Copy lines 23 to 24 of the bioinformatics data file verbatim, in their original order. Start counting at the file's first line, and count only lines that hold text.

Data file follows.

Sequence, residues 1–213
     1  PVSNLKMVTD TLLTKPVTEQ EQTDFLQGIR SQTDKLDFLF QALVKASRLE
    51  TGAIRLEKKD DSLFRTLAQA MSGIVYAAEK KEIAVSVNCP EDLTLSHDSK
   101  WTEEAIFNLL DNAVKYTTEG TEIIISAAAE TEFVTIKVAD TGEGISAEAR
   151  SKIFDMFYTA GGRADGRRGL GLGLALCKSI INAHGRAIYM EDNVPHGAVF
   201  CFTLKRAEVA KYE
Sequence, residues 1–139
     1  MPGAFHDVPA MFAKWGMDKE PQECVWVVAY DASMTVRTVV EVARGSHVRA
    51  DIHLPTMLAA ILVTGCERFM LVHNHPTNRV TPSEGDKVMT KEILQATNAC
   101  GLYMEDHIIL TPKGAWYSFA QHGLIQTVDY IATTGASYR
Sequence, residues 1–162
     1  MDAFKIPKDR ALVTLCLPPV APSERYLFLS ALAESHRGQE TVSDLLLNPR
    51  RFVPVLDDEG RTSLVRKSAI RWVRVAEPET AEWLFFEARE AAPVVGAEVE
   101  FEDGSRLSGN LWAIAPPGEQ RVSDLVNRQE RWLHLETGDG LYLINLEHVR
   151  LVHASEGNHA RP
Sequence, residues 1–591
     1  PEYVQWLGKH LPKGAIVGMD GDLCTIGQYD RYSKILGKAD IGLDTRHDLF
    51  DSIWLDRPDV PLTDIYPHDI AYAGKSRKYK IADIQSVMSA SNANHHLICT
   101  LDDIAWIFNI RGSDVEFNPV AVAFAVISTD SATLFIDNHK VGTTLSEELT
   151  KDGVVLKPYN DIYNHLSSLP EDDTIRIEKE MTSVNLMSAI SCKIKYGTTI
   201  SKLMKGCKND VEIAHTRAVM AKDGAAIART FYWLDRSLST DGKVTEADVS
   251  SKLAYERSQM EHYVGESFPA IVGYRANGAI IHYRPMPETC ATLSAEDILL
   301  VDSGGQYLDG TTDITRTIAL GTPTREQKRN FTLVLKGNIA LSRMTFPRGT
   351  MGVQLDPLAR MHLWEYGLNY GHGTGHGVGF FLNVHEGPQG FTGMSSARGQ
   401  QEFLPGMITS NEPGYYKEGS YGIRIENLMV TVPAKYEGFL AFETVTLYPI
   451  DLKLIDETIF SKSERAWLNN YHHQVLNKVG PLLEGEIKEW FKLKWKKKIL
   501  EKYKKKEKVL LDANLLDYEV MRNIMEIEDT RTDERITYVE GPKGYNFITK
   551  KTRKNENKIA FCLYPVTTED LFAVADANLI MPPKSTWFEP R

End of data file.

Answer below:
   301  VDSGGQYLDG TTDITRTIAL GTPTREQKRN FTLVLKGNIA LSRMTFPRGT
   351  MGVQLDPLAR MHLWEYGLNY GHGTGHGVGF FLNVHEGPQG FTGMSSARGQ